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Investigating the role of the inner retina in age-related macular degeneration (AMD)

Periodic Reporting for period 2 - Retina Rhythm (Investigating the role of the inner retina in age-related macular degeneration (AMD))

Reporting period: 2022-01-01 to 2023-06-30

What is the problem/issue being addressed?: Up to 80% of all eye diseases worldwide are preventable. While conditions such as age-related macular degeneration (AMD) represents one of the most common forms of eye disease, patients continue to lose their sight due to limited drugs currently on the market. One key reason for a lack of efficient drugs is that the underlying molecular causes of the condition are still not fully understood. In the Retina-Rhythm ERC project, we believe that the key driver of AMD in its early stages, is a disruption to the integrity of the blood vessels at the back of the eye. We are working with animal models of the disease as well as patients, in an effort to identify what is causing the condition and how we can better treat it in the future.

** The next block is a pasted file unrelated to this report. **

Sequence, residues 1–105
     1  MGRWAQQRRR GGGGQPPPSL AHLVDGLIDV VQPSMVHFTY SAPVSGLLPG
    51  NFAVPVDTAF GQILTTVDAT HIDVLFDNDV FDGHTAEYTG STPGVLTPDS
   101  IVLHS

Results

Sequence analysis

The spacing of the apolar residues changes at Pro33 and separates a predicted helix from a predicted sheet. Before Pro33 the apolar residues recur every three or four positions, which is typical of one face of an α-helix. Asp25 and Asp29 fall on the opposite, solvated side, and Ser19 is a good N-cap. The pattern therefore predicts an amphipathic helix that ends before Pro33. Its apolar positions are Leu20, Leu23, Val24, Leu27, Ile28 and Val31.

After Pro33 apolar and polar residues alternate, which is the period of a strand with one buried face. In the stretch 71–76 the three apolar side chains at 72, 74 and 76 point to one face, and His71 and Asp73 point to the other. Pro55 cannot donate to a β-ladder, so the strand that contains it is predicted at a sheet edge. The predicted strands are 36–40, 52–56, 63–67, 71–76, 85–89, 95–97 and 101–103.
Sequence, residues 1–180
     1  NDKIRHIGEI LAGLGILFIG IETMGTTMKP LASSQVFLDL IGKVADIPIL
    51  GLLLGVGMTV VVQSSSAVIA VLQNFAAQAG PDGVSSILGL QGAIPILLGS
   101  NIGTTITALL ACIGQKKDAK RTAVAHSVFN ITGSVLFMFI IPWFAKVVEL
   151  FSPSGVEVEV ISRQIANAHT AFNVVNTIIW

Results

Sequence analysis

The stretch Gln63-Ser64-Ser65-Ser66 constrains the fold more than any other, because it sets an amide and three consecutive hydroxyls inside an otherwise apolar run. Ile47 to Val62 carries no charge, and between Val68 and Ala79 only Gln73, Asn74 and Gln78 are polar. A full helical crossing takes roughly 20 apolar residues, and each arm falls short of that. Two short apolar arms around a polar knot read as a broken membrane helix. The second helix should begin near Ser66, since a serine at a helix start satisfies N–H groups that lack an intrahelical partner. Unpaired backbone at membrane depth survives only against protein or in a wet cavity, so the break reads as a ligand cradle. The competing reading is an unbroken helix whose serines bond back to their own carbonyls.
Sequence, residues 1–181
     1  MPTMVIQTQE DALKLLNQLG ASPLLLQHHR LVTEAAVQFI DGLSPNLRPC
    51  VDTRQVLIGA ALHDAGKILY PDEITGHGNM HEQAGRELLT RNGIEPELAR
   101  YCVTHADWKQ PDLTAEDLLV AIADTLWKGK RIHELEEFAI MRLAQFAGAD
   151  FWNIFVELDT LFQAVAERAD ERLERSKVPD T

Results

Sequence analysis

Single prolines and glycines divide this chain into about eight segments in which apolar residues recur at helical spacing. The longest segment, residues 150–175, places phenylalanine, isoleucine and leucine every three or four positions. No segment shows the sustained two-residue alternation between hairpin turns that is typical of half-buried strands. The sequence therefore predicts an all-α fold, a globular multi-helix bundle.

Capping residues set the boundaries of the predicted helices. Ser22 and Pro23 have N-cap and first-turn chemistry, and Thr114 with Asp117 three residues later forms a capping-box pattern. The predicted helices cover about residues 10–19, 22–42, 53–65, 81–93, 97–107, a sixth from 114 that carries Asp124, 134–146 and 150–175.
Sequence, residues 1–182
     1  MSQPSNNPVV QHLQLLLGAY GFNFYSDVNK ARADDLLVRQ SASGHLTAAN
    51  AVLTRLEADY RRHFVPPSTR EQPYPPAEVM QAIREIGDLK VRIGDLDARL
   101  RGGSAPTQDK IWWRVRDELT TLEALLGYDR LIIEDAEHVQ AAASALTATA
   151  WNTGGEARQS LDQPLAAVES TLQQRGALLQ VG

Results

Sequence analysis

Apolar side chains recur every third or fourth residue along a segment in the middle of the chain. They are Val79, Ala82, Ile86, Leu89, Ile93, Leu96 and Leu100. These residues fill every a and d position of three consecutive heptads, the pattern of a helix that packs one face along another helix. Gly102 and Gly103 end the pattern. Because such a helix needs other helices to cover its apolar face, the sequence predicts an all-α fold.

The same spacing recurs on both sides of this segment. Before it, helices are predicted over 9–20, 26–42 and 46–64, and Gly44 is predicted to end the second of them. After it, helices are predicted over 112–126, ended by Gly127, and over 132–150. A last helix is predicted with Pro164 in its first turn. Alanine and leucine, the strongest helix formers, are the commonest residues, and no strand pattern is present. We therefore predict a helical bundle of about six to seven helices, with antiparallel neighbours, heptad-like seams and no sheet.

Why is this important for society?: Over 224,000 Irish people and 40 million people worldwide are affected by severe vision loss where they would be considered legally blind. The number of people affected by blindness is increasing, largely due to our ageing population. The Economic Cost and Burden of Eye Diseases and Preventable Blindness in Ireland report was released in April 2014 by the National Vision Coalition, part of a pan-European study of 16 countries by Deloitte, an alliance of ophthalmology healthcare professionals, those working in the sight loss community, and service users (http://www.ncbi.ie/about- ncbi/national-vision-coalition/). People should not have to suffer avoidable sight loss, the vision loss associated with retinal diseases as outlined here should be avoidable with partner diagnostic and personalized treatment using our innovative approaches. The burden of blindness/sight loss on healthcare services stretches beyond Ophthalmology care as people with vision loss are up to eight times more likely to fracture a hip, three times more likely to be depressed, and admission to nursing homes takes place up to three years earlier. There will be a significant financial benefit if sight loss can be avoided. In addition, cost to the State increases significantly if a person progresses from being visually impaired (€1.7K per person per annum) to being blind (€21K per person per annum). It has been estimated that 123 million workdays are lost per year in Europe, while in Ireland 2.1 million healthy days are lost per annum as a consequence of vision impairment and blindness.